Of the 2.5 million patients seen in emergency departments with traumatic brain injury (TBI) in the United States in 2014, more than 800,000 were children, according to the Centers for Disease Control and Prevention.1 There are an estimated 37,200 cases of severe TBI among children, with 7000 resulting deaths each year.2 In addition, these injuries are associated with substantial morbidity, various cognitive sequelae, long-term disability, and financial burden to both patients and the healthcare system.3,4
These findings underscore the critical importance of timely and adequate treatment for pediatric patients with severe TBI. To that end, the 3rd edition of the Brain Trauma Foundation’s guidelines for managing pediatric severe TBI were published in March 2019 in Pediatric Critical Care Medicine.5 Neurology Advisor recently provided a thorough summary of the guidelines, which contain multiple updates since the previous edition was published in 2012.
To learn more about challenges of treating severe TBI in the pediatric population, and to hone in on specific aspects of the guidelines that physicians may find most beneficial, we interviewed lead author Patrick M. Kochanek, MD, MCCM, the Ake N. Grenvik Professor of Critical Care Medicine and vice chair of the department of critical care medicine at the University of Pittsburgh School of Medicine and the UPMC Children’s Hospital.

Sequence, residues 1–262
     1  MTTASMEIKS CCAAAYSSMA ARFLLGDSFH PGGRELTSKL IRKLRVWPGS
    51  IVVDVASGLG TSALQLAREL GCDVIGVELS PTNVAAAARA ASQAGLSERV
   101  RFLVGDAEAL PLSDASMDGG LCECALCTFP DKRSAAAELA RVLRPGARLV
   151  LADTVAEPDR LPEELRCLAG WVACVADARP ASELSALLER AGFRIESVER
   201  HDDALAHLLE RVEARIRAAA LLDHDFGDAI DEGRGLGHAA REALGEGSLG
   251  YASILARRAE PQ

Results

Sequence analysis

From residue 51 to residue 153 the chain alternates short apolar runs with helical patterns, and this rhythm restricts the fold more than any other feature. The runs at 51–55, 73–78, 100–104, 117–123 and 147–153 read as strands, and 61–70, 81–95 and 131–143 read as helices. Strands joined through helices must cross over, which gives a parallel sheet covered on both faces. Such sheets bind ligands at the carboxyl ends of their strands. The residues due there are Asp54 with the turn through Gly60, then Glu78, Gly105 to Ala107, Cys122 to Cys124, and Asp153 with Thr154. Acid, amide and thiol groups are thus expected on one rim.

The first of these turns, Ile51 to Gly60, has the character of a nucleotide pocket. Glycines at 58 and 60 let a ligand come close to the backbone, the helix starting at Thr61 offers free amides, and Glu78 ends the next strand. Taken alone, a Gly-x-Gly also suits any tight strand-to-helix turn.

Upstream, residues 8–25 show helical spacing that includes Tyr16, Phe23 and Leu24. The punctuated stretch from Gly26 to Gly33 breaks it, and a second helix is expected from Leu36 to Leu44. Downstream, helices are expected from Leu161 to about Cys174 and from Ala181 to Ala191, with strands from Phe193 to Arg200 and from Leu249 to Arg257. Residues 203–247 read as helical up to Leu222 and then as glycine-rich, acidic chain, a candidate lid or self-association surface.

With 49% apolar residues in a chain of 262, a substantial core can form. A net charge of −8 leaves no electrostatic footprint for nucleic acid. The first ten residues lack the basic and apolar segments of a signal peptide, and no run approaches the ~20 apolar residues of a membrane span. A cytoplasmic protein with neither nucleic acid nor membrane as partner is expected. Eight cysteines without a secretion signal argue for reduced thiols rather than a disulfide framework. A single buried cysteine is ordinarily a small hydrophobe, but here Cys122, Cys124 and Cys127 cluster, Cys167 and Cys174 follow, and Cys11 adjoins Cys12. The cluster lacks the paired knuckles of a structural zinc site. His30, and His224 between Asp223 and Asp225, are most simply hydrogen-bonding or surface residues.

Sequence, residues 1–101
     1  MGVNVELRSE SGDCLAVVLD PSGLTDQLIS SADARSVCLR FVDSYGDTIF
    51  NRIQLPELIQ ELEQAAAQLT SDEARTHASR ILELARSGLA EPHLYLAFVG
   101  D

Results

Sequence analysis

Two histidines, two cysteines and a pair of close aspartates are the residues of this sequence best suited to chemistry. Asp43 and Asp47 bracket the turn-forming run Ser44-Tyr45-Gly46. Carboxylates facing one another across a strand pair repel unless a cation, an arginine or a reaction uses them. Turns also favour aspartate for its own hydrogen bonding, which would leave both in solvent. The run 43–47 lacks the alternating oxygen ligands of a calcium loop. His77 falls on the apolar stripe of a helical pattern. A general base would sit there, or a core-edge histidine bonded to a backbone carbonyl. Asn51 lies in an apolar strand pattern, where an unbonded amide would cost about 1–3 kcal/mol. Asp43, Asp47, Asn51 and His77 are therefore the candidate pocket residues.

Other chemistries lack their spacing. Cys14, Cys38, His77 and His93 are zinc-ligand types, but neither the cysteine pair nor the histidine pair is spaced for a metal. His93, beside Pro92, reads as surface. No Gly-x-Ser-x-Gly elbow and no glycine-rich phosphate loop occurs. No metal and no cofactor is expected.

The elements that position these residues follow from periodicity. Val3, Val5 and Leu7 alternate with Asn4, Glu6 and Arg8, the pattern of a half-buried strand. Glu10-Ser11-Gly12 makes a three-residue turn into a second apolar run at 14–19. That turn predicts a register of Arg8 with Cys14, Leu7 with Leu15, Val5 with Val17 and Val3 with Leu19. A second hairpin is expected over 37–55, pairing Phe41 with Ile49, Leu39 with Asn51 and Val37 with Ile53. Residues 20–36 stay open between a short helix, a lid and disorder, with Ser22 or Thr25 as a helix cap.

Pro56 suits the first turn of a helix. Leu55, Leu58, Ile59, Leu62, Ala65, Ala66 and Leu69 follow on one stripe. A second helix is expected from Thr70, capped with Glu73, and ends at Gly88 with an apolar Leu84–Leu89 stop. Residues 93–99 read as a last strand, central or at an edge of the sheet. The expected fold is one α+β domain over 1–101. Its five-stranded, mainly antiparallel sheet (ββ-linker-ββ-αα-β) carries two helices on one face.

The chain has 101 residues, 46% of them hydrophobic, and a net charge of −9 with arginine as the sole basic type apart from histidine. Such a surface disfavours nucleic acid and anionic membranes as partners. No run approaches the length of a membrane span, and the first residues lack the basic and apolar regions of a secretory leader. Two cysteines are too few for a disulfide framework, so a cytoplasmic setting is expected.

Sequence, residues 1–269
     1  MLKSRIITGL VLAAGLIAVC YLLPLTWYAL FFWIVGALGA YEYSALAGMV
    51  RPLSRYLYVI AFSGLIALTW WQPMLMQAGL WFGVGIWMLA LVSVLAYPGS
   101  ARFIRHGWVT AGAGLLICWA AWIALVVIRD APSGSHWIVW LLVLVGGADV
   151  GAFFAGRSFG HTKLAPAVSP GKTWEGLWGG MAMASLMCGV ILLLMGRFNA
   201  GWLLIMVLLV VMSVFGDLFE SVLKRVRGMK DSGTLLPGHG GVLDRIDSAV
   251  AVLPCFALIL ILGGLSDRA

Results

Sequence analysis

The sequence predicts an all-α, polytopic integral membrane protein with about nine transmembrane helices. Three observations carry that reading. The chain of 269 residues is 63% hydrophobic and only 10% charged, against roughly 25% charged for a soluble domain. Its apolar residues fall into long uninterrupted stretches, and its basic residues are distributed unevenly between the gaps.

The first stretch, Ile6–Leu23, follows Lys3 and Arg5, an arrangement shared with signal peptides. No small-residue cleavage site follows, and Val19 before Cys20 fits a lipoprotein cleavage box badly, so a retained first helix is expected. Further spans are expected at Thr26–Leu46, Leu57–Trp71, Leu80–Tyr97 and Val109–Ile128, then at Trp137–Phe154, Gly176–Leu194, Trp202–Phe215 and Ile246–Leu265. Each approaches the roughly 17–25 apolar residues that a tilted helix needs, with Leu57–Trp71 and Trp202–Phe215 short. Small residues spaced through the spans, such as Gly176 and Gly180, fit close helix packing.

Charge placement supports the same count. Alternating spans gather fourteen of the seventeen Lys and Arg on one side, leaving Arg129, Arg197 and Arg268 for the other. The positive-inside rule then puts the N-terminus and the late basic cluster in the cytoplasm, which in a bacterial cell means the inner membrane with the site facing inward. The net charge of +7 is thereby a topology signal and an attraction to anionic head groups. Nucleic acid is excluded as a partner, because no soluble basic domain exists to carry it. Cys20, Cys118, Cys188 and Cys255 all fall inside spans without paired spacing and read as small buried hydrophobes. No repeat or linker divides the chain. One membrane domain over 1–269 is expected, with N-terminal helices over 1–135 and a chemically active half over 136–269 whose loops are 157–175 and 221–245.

Neurology Advisor: What are some of the main challenges specific to treating pediatric severe TBI?
Dr Kochanek: Severe TBI is an extremely heterogeneous condition that produces a spectrum of endophenotypes as identified by [computed tomography] imaging. The key target in the [intensive care unit (ICU)] is, of course, intracranial hypertension, and although it is clear that inability to control brain swelling with marked increases in intracranial pressure (ICP) and/or herniation lead to poor outcomes, it appears that control of intracranial hypertension is necessary but not sufficient to ensure favorable outcome.
Other mechanisms — such as axonal injury, delayed neuronal death, vascular dysregulation, and inflammation — [have an] impact [on] the ultimate outcome but are not targeted with current treatment, which other than ICP-directed therapy, focuses largely on supportive care. As is evident from the 3rd edition of the guidelines, although progress has been made, high-level evidence is lacking for both the optimal approach to treat intracranial hypertension and supportive care. Indeed, we appear to know more about what is bad for the traumatically injured brain than strategies to mitigate the ongoing damage.
Neurology Advisor: Which of the new additions to the guidelines might clinicians find most helpful?
Dr Kochanek: Notably, regarding ICU-directed care, we were able to make stronger recommendations for the use of hypertonic saline, particularly for the use of bolus administration of 3% saline, now at a level II of evidence. Studies in infants and children with severe TBI for the first time included comparisons of the impact of various ICP-directed therapies in real-world use, such as bolus hypertonic saline, fentanyl, or barbiturates to treat ICP spikes, and 3% saline showed superiority as the only agent to simultaneously reduce ICP while increasing cerebral perfusion pressure.
We also now have level III evidence for the use of 23.4% saline for refractory intracranial hypertension, adding another tool to our armamentarium. Based on several high-quality studies, we are now also able to recommend against the use of prophylactic moderate hypothermia and have support only for hypothermia as a second-tier therapy for refractory intracranial hypertension.